South Africa

Samples of Corruption: Headlines in SA

First, let me preference the use of headlines from South African national newspapers for samples of the proliferation of corruption here. I am intrigued by the amount of print corruption stories get in the national press.  But, as we know, newspapers are in the business to sale papers and as the saying goes, “dog bites man, no story, man bites dog, a story!”  In the future we will have discussions on politics and the media. Nevertheless, the following are headlines for the national press here in South Africa and Information Portal on Corruption and Governance in Africa

·         SA: AG gives Public Works a disclaimer – report Tuesday, 04 October 2011 00:00 Written by Polity  Public Works Minister Gwen Mahlangu-Nkabinde's department has been given a disclaimer, one of the worst audit reports possible, according to a report on Tuesday.

·        ‘Arms deal inquiry would benefit SA’ Friday, 30 September 2011 00:00 Written by IOL News. Public Protector Thuli Madonsela has suggested that President Jacob Zuma’s planned omission of inquiry into the arms deal will present an ideal opportunity for the government to learn some lessons about conducting business on a large scale without corruption taking place.

·      SA: Tender irregularities found in Public Works Department, Monday, 19 September 2011 00:00 Written by Polity Tender irregularities of about R3-billion were uncovered in a probe into the Public Works Department, Minister Gwen Mahlangu-Nkabinde said on Monday. "We know of more than 40 cases where tenders were awarded improperly, where procedures were not followed and dishonesty took place," said the Public Works Minister in a statement.

·         Spy boss quits with a golden handshake, CAIPHUS KGOSANA | 02 October, 2011 00:57, Embattled intelligence boss Gibson Njenje has quietly left the agency after accepting a settlement that will result in him being paid out for the remaining three years of his contract.

·       Staff accuse minister as works showdown looms, SIBUSISO NGALWA and MOIPONE MALEFANE A showdown is also looming in parliament where Mahlangu-Nkabinde, national police commissioner General Bheki Cele and public protector Thuli Madonsela will appear before a joint portfolio committee meeting on October 10 to deal with Madonsela's reports into the R2-billion SA Police Service lease deals.

·        State sued over land deal, ROB ROSE, STEPHAN HOFSTATTER and MZILIKAZI WA AFRIKA | 02 October, 2011 00:57. The land reform case will be played out in the High Court in Pretoria tomorrow. PG Bison, owned by JSE-listed furniture multinational Steinhoff, is accused of trying to bribe key government officials to ensure they won the deal. They are accused of bribing the head of land reform in the Eastern Cape to ensure that a deal signed between the Maluti consortium, who have lodged the application, and Mondi did not go through.  Maluti thought they had bought 76000ha of prime timber forests for R200-million, with the bulk of it coming from government.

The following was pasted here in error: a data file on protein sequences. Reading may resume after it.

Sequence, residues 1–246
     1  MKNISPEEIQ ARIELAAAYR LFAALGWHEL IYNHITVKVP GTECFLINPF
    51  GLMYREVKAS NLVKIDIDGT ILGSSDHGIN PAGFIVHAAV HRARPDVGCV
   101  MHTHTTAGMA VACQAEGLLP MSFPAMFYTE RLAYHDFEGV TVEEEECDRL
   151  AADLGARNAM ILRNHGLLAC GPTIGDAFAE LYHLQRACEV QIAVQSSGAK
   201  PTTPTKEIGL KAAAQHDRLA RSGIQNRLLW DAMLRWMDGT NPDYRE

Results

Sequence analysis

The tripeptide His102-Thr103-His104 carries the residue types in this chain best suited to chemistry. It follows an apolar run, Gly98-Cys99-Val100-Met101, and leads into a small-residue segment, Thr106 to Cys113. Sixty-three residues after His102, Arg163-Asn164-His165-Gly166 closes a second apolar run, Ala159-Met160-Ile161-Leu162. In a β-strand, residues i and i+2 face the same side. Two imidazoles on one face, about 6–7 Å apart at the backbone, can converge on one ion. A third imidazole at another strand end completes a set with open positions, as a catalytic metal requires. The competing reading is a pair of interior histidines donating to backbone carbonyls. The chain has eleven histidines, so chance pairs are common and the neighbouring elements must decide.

·         Top Cop’s Plot to Kill Lover’s Husband, South Africa’s police crime intelligence boss allegedly refused to be spurned by his ex-lover

The next installment will be my suggestions for Solutions to Corruption. 

[1] Since 1995, Transparency International (TI) publishes the Corruption Perceptions Index (CPI) annually ranking countries "by their perceived levels of corruption, as determined by expert assessments and opinion surveys."The CPI generally defines corruption as "the misuse of public power for private benefit." As of 2010, the CPI ranks 178 countries "on a scale from 10 (very clean) to 0 (highly corrupt)."

Saturday, October 1, 2011

Zambian Election Results: And the winner is….. democracy in Sub Sahara Africa!

Part one of two part series.

As an African American I am proud of the Zambian elections; democracy at work in Sub Sahara Africa.  With Africa receiving so much negative American press these days, this is great news:

  • An incumbent lost and freely turned over power
  • Most independent observes declare free and fair election procedures
  • The country was relatively free of election violence

Unfortunately African American knowledge of Zambia is abysmal.  Quick, what countries border Zambia? Better yet where is Zambia?  Anyway do your research.

“ba King Cobra” new President

As of 12 am September 23 (local time) Zambia elected  a new president, 74 years old Mr. Michael “ba King Cobra” Sata of the Patriotic Front (PF). The name King Cobra comes from Sata’s legendary sharp tongue.   

Mr. Sata won with 1,150,045 or 43% of the votes casted. The loser President Rupiah Banda of the ruling Movement for Multiparty Democracy (MMD) won 961,796, or 36.1% of votes casted.  Sata’s  PF  benefitted from the registration of 1,279,181 new voters, many of them young (out of a total electorate of 5,223,316), and a high turnout (around 60% or above) in Lusaka, Central, Northern, Luapula Provinces and on the Copper belt, Sata’s traditional urban and ethnic strongholds, whose electorate dominate those of the remaining five provinces in sheer weight of numbers.

Banda's party -- of which Sata had been a member until a 2001 leadership dispute -- had been in power for two decades. This is the third time in post colonial Zambia power has been handed over from one party to another.  The first was Kenneth Kaunda assuming power from colonial rule in 1964.  The second time was in 1991, Kaunda (UNIP) to Chiluba (MMD) and the third time is now Banda (MMD) to Sata (PF). Africa needs to study this success!

Parliament, Minor Parties and Women

Zambia is a multiparty republic with a unicameral legislature.  The final parliamentary results were announced on Sunday 25th of September. Of 148 contested seats, the PF won 60 (40.1%), with the MMD a close second with 55 (37.2%), leaving the United Party for National Development (UPND) trailing with 28. Of the remaining 5 seats, three were taken by independents, and one apiece went to the Forum for Democracy and Development (FDD) and the Alliance for Democracy and Development (ADD). 11% of MPs will be women, somewhat below the average of around 15% in sub-Saharan Africa generally and vastly below Rwanda’s level of female representation in parliament, currently at over 50%.